Lemongrass is a common ingredient in a variety of meals. You can use it in marinades, stir-fries, spice rubs, salads, and pastes. However, if you’re using lemongrass in a meal, you should not share it with your feline, as it can be mildly toxic. It depends mostly on how much is eaten, as well as the size of your feline.
Cats love many types of grass, and many tend to overeat them. In most cases, cats can moderate how much of a particular food they eat. However, this may not be easy to do with grass. This may cause your feline to over-eat, which can cause mild symptoms.
Lemongrass is considered toxic to cats, but only in massive quantities. It is nearly impossible for any cat to eat enough to get seriously ill. Most cases are incredibly mild and clear up on their own.
Why Is Lemongrass Toxic?
There are three different types of lemongrass. Only one type of lemongrass is used for cooking and eating. The second kind is often referred to as citronella and is used to repel insects. The third and final kind is referred to as citronella grass and is used for aesthetic purposes only. It has a nice maroon color.
All of these forms of lemongrass can be mildly toxic to cats—not just the kind you cook with. All of them contain citronella oil, which is the plant that causes the toxic reaction. Usually, it requires quite a bit to upset a feline’s stomach, though some will be more sensitive than others. Kittens and smaller cats are particularly vulnerable, as they are generally smaller.
In its raw form, a feline will be able to nibble on lemongrass in moderation. However, the oil in lemongrass is toxic, so moderation is key. The essential oil of lemongrass is toxic in its processed form.
What Are the Signs of Lemongrass Poisoning?
Lemongrass poisoning usually only has minor signs. Your cat will first get a mildly upset stomach and abdominal pain. Some may react worse to lemongrass than others. A swollen abdomen is also possible.
Fever can set in if the cat eats an exceptionally high amount of lemongrass. Shock and vomiting can occur in more severe cases.
If a cat eats a considerable amount of lemongrass, they may develop weakness in their back legs and cannot control their bladder. They may be unable to eliminate their body wastes. At this point, veterinary care is required.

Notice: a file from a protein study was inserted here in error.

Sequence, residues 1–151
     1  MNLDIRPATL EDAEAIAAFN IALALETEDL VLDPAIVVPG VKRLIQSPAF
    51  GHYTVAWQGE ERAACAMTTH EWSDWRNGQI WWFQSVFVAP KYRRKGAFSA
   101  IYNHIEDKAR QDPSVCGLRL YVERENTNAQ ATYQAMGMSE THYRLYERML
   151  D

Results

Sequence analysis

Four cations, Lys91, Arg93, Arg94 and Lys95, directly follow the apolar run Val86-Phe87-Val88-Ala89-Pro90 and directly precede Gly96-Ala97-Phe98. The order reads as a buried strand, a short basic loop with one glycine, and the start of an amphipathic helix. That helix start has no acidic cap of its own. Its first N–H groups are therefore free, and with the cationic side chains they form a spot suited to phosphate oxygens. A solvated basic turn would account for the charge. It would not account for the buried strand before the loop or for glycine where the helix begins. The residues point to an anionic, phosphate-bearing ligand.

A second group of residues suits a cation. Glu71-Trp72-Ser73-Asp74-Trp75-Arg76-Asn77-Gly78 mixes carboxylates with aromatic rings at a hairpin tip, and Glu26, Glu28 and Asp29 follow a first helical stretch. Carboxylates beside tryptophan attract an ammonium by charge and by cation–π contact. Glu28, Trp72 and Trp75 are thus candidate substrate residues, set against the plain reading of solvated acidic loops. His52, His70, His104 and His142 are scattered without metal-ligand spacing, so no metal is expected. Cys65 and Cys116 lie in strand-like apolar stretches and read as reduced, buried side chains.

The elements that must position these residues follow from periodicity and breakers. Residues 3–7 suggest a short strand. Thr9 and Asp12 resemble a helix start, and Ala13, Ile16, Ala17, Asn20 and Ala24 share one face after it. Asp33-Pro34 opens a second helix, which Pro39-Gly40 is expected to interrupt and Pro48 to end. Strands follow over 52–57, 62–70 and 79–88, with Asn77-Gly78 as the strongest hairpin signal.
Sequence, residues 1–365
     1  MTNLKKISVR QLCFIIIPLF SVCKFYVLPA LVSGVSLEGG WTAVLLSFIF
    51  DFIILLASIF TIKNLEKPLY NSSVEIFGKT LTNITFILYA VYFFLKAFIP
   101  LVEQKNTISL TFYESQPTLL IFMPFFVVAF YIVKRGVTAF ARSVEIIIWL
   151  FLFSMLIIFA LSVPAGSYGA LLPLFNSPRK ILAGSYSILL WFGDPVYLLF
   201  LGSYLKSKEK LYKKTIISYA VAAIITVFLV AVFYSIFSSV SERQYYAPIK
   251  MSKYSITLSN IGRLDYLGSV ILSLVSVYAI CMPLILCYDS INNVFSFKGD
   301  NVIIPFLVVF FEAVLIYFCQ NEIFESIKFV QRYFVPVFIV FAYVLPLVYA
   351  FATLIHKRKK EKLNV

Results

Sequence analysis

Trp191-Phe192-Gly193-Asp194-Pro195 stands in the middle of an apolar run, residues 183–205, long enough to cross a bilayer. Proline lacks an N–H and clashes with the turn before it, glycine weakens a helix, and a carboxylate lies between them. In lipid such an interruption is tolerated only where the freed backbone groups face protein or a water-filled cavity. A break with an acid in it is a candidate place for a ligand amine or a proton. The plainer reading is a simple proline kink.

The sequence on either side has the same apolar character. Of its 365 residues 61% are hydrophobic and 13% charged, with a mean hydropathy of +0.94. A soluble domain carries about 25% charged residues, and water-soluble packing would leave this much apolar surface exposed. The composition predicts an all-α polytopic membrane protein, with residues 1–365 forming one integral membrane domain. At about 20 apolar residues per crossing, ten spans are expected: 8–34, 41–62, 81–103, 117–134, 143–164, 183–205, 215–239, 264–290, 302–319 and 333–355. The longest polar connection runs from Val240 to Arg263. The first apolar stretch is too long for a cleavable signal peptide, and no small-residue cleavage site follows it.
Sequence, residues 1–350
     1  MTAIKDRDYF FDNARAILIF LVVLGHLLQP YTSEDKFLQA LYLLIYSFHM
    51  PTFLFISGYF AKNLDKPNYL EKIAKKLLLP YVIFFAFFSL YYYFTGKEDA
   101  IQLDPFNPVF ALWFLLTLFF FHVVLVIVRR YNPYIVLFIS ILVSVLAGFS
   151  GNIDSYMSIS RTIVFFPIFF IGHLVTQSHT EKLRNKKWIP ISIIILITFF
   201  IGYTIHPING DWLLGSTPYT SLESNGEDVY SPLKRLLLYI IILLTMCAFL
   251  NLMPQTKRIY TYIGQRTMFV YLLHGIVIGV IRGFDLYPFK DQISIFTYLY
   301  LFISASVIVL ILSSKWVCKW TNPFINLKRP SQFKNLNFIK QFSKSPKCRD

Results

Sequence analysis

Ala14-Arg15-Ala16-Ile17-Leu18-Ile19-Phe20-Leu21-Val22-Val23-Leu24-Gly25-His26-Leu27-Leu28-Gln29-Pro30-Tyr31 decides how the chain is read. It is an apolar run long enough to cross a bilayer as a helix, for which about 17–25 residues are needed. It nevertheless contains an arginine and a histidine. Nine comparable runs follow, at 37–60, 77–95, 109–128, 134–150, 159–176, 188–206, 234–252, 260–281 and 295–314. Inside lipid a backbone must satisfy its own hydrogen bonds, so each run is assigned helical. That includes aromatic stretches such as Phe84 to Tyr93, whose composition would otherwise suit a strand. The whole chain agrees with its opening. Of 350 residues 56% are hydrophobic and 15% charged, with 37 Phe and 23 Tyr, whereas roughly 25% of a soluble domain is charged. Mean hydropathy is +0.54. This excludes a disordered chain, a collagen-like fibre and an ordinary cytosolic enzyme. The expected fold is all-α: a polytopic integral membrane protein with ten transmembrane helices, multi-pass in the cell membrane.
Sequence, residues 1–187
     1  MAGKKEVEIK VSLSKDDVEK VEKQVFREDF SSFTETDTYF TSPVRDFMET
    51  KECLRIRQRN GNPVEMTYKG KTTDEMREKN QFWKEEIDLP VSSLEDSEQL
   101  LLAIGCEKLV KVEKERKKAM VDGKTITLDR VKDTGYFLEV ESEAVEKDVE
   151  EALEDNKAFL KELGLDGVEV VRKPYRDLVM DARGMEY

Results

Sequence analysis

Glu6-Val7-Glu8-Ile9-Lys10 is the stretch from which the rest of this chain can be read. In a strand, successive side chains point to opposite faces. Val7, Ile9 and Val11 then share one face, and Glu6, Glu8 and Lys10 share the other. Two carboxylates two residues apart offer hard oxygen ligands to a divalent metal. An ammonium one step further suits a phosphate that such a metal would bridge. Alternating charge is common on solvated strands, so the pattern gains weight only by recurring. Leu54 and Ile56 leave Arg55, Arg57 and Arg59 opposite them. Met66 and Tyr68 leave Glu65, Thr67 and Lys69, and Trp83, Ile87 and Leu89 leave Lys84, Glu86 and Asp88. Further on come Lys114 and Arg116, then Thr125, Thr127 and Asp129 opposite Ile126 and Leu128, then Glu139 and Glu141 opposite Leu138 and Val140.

Concentrated forms of lemongrass, like the essential oil, are even more harmful. These can cause significant issues if your feline ingests them.
How Do Vets Diagnose Lemongrass Poisoning?
Typically, the easiest way to diagnose lemongrass poisoning is to actually catch your cat eating the grass. Alternatively, your vet may be able to run a variety of tests to detect the toxin in your feline’s blood. This can include a blood count, urinalysis, blood work, and biochemistry profile.
If your cat eats a lot of lemongrass, it may put them at risk for intestinal blockage. For this reason, your vet may decide to order an ultrasound to ensure that their digestive tract is clear. This may include a barium study, which makes the blockage easier to see.
Pesticide toxicity is also possible when a cat overeats grass. For this reason, your vet may also test for pesticides.
How Is Lemongrass Poisoning Treated?
Lemongrass poisoning treatment usually involves IV fluids if your feline gets dehydrated, which can occur with vomiting. Your cat’s waste will need to be expressed by the vet to ensure that their bladder doesn’t bust.
If a blockage occurs, the vet will need to flush out the leaves in the intestinal system. Sometimes, surgery may be required to remove the mass.
If the essential oil causes the poisoning, some further steps may need to be taken. Your cat’s liver function will need careful watching, as the essential oil can severely handicap your feline’s liver function. Simultaneously, the vet may decide to flush your cat’s stomach and use activated charcoal to absorb any toxin left in your cat’s body.
Do Cats With Lemongrass Poisoning Recover?
Typically, these cats recover if they are treated promptly. The plant is only mildly toxic and usually doesn’t cause huge problems. The essential oil is more concentrated, so symptoms are usually more severe. However, this condition is treatable.
If your cat nibbles enough lemongrass to get poisoned once, they may very well do it again. For this reason, we recommend removing lemongrass from your home and getting cat-safe grass instead.
Cats with serious lemongrass cravings may have an underlying medical problem, like nutritional deficiencies. Your vet may decide to examine your feline further to ensure that there isn’t an underlying cause for their mass consumption of lemongrass.
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Lemongrass is only mildly toxic, but you should still avoid feeding it to your feline. If you have a live plant, most cats will not consume enough to cause any problems. However, you should keep an eye on them just in case. Some underlying conditions can cause cats to overeat certain foods, including lemongrass. Pica can also cause strange cravings, which may result in poisoning. If you’re worried this may be the case, take your cat to the vet for a closer look.
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